Several recent studies have emphasized preschool vision screening to prevent amblyopia [8,9,10,11]. For instance, Høeg et al. [10] reported an over four-fold decrease in the prevalence of amblyopia after the National Preschool Vision Screening program was instituted in Denmark. Furthermore, as the adult population continues to age, we can expect a proportionate increase in the population at risk for eye diseases such as glaucoma, age-related macular degeneration, and diabetic retinopathy [12,13]. Therefore, we conducted this study to determine the sociodemographic factors associated with poor use of eye care services in the South Korean population (from the age of 5 years onwards), as well as to identify potential barriers to use in subpopulations that fail to attend their recommended eye care.
The Korea Centers for Disease Control and Prevention have been conducting the Korea National Health and Nutrition Examination Survey (KNHANES) regularly since 1998. The KNHANES is a national program designed to assess the health and nutritional status of adults and children in South Korea [14,15]. The KNHANES is an annual cross-sectional survey, and its target population comprises nationally representative non-institutionalized South Korean citizens. Each survey year includes a new sample of approximately 10,000 individuals aged 1 year or older. Data from this survey have been used to estimate the prevalence of various diseases in the entire population and also to monitor trends in prevalence and risk factors of various health-related conditions in the South Korean population. Since July 2008, the KNHANES has included ophthalmologic interviews and examinations with help from the Korean Ophthalmological Society [16]. We used the ophthalmologic data acquired from the KNHANES Phase V (2010-2012) to investigate the use of eye care services in the South Korean population.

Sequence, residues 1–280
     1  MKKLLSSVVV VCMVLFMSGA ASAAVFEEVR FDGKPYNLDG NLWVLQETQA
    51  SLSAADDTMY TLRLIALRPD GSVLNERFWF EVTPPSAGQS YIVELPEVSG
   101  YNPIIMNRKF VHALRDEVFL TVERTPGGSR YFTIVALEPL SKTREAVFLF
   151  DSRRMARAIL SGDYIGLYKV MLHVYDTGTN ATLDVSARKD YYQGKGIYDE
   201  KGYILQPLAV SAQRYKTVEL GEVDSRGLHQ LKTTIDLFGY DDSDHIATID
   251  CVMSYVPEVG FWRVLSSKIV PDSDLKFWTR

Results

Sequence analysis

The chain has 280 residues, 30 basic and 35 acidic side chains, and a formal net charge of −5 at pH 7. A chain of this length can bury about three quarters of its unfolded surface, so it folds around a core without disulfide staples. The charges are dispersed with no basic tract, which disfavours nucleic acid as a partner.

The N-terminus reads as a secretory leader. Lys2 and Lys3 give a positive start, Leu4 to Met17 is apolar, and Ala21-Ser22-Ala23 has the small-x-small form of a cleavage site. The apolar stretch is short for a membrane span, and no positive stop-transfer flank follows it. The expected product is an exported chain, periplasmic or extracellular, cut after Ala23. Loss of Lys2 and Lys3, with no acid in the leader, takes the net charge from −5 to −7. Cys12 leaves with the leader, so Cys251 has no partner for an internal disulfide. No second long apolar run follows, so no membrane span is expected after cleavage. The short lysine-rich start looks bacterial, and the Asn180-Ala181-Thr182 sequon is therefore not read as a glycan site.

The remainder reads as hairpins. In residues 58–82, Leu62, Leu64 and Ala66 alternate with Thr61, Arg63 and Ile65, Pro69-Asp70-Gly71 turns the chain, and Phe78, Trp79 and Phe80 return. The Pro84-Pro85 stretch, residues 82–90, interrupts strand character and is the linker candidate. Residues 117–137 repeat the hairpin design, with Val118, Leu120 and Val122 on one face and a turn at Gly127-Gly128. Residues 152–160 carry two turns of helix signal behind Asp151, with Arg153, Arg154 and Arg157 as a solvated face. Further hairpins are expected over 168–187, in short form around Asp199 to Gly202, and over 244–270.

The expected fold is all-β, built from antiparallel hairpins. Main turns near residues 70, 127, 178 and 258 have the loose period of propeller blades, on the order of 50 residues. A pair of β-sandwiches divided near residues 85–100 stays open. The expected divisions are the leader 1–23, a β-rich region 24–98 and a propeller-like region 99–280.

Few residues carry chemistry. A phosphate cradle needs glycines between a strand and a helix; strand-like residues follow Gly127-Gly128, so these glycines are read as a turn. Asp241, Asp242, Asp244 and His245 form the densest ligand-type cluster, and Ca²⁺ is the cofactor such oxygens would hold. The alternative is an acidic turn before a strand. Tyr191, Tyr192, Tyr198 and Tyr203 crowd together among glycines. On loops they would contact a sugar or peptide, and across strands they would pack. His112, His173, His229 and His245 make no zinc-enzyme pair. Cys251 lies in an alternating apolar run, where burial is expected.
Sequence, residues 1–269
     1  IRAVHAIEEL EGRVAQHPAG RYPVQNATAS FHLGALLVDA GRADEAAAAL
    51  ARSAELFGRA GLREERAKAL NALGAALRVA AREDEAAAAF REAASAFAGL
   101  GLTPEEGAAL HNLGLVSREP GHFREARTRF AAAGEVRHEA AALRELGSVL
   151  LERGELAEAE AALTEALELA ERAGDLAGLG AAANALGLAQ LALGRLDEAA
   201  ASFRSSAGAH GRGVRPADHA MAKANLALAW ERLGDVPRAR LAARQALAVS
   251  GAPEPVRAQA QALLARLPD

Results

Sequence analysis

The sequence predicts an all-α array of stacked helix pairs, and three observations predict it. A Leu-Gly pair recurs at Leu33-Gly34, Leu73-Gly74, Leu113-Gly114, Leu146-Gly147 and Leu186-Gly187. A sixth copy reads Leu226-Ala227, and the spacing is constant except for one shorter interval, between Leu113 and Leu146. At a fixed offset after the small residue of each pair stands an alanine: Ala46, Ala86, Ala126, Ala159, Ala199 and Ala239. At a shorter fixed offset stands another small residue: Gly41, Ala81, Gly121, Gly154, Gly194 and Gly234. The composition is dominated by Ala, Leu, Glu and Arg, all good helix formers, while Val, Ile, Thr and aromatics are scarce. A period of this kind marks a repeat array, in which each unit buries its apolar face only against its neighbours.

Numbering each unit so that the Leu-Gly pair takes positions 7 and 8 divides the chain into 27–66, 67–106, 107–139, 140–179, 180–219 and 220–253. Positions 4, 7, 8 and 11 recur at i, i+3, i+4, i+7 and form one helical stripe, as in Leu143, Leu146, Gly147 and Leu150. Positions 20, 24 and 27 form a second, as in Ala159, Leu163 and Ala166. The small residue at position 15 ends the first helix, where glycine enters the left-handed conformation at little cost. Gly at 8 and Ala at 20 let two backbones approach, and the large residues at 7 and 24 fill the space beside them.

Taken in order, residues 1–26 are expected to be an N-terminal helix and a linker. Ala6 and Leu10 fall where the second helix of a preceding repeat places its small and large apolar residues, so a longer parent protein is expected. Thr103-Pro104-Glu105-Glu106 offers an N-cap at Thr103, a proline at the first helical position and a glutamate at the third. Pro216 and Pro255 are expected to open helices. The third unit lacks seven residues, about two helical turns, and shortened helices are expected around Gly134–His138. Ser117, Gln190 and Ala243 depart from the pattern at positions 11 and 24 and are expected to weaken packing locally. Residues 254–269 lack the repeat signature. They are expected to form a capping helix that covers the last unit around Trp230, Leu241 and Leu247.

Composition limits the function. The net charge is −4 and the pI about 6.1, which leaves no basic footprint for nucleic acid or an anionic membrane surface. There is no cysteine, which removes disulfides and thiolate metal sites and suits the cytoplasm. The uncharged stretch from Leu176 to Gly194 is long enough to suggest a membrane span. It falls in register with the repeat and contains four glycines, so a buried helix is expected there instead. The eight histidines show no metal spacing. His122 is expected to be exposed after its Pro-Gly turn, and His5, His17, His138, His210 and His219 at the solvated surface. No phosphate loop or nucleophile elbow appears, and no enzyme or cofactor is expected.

To our knowledge, no studies have reported the prevalence of eye care service utilization by both children and adults in South Korea, or the associated sociodemographic factors; previous studies have focused on age-specific or disease-specific groups [17,18,19,20]. Understanding the prevalence of eye care service utilization and associated sociodemographic factors may help with the design of tailored public eye healthcare services. Therefore, the aim of the present study was to report the estimated prevalence of eye care service utilization among the general population in South Korea, and its relationship with sociodemographic factors.

Materials and Methods

Data source and study population

The data used for this study were taken from the KNHANES 2010-2012. The KNHANES is a nationwide, population-based, cross-sectional health examination and survey conducted regularly by the Division of Chronic Disease Surveillance of the Korea Centers for Disease Control and Prevention, under the Ministry of Health and Welfare [16,21].